4. Investors Like Bad News and Uncertainties

Why? This is because bad news and uncertainties create pessimism in the stock market, thus, present multiple opportunities for stock investors to invest and to accumulate great stocks, the creditworthy ones, at bargain prices. Therefore, in times of great uncertainty, it usually is a great time to shop around for bargains in the stock market. On the contrary, in times of great optimism, it is actually not the best time in the world to find good bargains as everybody (except investors) are and would be rushing into the stock market to buy stocks. 

 


5. How Capital Gains are Achieved in Stock Investing? 

Therefore, a key method to enjoy massive capital gains with stocks is to acquire great stocks when they are undervalued, often in times of great pessimism, and sell them when they are overpriced, often in times of great optimism. Hence, it behooves us to have a simple and practical method of determining if the prices of these good stocks are undervalued or overpriced. Personally, I would depend heavily on valuation ratios like P/E Ratio, P/B Ratio and Dividend Yields to guide my investment decisions into any stocks in the market. Without them, I will find it hard to tell if a stock is cheap or expensive and that is dangerous in investing. 

 

Conclusion: 

Should you be investing in the stock market today? 

Well, my question to you is: ‘Are you a good credit officer?’ 

If you are, then, you may prepare to shop for great bargains in the stock market and accumulate some great stocks if their prices are right. But, if you are not, it is best for you to learn how to do a proper credit assessment first on stocks first before investing your hard-earned money into them. Personally, I’m running an online membership site known as Dividend Vault, where I’m teaching people to perform credit assessments on stocks before investing. The membership is now closed but you may get onto the early-bird list so that you’ll be informed on my next launch. Check it out: Dividend Vault.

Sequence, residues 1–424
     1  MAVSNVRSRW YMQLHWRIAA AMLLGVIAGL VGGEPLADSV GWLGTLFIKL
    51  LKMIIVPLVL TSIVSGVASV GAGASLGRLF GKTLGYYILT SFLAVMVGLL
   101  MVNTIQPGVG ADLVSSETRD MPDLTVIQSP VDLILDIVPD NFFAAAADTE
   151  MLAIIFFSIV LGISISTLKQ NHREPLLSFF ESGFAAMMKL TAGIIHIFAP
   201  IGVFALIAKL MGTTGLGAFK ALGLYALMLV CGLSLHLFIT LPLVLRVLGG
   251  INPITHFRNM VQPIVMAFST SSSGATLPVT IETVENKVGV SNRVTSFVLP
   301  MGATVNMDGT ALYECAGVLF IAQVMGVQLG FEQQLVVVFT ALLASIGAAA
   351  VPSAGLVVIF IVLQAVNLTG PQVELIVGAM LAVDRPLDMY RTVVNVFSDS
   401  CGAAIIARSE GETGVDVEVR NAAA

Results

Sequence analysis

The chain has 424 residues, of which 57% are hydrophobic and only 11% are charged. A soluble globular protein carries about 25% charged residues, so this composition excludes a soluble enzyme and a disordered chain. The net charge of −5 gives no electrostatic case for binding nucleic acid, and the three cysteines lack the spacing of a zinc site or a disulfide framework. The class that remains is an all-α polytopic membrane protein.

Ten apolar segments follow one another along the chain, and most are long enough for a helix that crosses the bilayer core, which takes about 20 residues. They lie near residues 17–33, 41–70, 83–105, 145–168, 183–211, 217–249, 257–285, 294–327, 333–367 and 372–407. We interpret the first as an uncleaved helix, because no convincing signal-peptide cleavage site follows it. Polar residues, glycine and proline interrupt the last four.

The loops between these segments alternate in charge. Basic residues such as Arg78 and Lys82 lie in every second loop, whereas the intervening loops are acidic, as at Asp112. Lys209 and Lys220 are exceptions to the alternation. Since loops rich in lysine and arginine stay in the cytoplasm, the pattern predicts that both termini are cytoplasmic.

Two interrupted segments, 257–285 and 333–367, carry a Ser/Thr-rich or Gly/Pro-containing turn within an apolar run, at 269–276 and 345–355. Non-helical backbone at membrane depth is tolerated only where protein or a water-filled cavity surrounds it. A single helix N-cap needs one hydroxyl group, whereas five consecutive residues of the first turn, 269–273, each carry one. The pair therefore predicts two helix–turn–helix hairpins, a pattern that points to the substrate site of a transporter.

Ian Tai
Ian Tai

Financial Content Machine. Dividend Investor. Produced 450+ Financial Articles featured in KCLau.com in Malaysia and the Fifth Person, Value Invest Asia, and Small Cap Asia in Singapore. Regular Host and Presenter of a Weekly Financial Webinar with KCLau.com. Co-Founded DividendVault.com, an online membership site that empowers retail investors to build a stock portfolio that pays rising dividends year after year in Malaysia and Singapore.

    3 replies to "How to Invest Profitably in the Stock Market Today In the Midst of Economic, Political, and Epidemic Uncertainties?"

    • Ian

      Hi Siva,

      Thanks for your feedback. I did not intend to recommend any course of action in times when oil is low or high. In this article, the point is to share that investors should invest with the mindset that oil prices can go either high / low and thus, are prepared in all conditions. It is more effective than trying to react or predict where the markets are moving in the future. It would not be responsible to recommend any securities to anyone for I believe that all investment decisions should be custom-made according to one’s current financial situation, which differs from one to another.

    • Alexander

      ive know nothing about what is stock look like?.. How can make an investment when im super broke and loaded by credit..please help

    • siva

      Many times we have good people like you writing articles like this,
      as you know , many of us are novices and often do not want to spend time and money attending long on,line courses.
      As part of social responsibility I would urge enthusiastic young gurus like you to be more specific in the comments made and try to give local data that would help novices like me. When you say the oil price is low should I worry about Enron and BP Petroleum or should I be encouraged to do some cots averaging buying Petron and Shell in Malaysia etc.
      Thank you for the article.
      Regards
      Siva

Leave a Reply

Your email address will not be published.